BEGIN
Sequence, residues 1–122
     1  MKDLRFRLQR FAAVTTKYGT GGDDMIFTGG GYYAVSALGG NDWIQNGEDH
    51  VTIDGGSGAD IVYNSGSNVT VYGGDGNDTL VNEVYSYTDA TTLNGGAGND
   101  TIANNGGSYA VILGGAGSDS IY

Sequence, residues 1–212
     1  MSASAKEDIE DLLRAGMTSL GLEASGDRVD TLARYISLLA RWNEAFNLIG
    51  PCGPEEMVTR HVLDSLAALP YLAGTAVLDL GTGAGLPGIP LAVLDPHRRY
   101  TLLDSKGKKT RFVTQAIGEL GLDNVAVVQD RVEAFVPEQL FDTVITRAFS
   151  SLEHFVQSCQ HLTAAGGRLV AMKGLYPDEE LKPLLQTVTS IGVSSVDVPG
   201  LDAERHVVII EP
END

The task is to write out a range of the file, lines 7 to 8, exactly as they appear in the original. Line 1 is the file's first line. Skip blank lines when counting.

    51  PCGPEEMVTR HVLDSLAALP YLAGTAVLDL GTGAGLPGIP LAVLDPHRRY
   101  TLLDSKGKKT RFVTQAIGEL GLDNVAVVQD RVEAFVPEQL FDTVITRAFS